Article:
Minimum Skill Level No previous coding experience is required, but we encourage all applicants to start learning through Flatiron School’s free Coding Bootcamp Prep course. Prep Work Yes Placement Test No Interview Yes
In PersonFull Time40 Hours/week15 Weeks
Deposit Yes Financing Tuition Plans Austin, Chicago, Denver, Houston, Seattle, DC, NYC, San Francisco - $16,900 Scholarship Contact firstname.lastname@example.org to learn about current opportunities.
Minimum Skill Level No previous coding experience is required, but we encourage all applicants to start learning through Flatiron School’s free Coding Bootcamp Prep course. Prep Work Yes Placement Test Yes Interview Yes
Flatiron School Reviews
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- An Unbiased, First-Hand Review & Perspective- 9/1/2019An Anonymous Student • Student • Course: Online Software Engineering Immersive • Campus: Online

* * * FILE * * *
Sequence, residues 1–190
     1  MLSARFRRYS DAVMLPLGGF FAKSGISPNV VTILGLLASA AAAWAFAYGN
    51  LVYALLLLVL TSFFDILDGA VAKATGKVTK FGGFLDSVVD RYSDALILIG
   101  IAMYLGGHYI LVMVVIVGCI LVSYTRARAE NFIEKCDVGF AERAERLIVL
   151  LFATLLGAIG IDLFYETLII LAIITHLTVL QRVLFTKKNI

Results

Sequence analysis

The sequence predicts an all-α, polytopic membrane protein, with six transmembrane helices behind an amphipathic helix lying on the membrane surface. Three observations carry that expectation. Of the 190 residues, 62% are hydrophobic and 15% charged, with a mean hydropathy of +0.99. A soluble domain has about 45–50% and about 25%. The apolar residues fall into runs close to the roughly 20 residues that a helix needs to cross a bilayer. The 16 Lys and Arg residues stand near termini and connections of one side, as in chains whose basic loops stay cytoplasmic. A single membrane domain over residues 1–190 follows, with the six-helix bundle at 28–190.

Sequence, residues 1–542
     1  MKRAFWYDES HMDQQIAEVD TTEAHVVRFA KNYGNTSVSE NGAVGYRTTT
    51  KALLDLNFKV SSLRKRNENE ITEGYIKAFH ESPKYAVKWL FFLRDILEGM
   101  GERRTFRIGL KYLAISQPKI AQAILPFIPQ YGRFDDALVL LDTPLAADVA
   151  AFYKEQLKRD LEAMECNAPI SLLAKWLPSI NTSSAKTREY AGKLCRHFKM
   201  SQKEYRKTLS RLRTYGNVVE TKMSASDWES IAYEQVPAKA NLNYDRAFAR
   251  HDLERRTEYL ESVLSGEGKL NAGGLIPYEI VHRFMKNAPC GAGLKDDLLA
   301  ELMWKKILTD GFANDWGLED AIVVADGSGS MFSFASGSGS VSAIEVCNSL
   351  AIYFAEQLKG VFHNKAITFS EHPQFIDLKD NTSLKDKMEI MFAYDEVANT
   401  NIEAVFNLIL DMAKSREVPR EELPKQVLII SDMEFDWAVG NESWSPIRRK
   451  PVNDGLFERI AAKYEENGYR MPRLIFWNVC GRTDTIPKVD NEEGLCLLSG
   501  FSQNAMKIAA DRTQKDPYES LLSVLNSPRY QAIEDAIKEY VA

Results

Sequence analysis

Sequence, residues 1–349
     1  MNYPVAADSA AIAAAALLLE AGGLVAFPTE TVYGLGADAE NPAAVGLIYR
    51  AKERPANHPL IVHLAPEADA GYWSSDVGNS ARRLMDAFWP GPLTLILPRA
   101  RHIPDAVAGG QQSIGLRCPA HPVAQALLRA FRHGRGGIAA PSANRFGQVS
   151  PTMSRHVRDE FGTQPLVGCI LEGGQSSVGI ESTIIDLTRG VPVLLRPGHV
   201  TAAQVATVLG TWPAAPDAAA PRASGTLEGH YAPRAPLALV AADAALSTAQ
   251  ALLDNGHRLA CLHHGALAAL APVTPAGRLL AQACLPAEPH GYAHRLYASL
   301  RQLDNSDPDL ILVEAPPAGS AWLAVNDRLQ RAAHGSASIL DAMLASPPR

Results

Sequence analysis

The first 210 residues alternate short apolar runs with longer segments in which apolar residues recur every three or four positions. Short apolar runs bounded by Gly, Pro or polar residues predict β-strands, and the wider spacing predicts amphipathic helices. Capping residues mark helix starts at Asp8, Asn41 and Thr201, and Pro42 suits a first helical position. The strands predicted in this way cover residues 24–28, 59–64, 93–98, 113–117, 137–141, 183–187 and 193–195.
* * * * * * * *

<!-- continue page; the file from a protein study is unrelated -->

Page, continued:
Alright, to start off, I am about half-way through the Online Part-Time Software Engineering Bootcamp at FlatIron School so this review is based on my perspective of the Online program only. I had intended to write this review at the conclusion of the bootcamp but given the current state of the coding bootcamp industry and of Flatiron, I decided it was worthwhile to post my opinions now. I do intend to either edit this review (or write another one) when I finish the course but I think this review has some merit and is worthwhile at this point.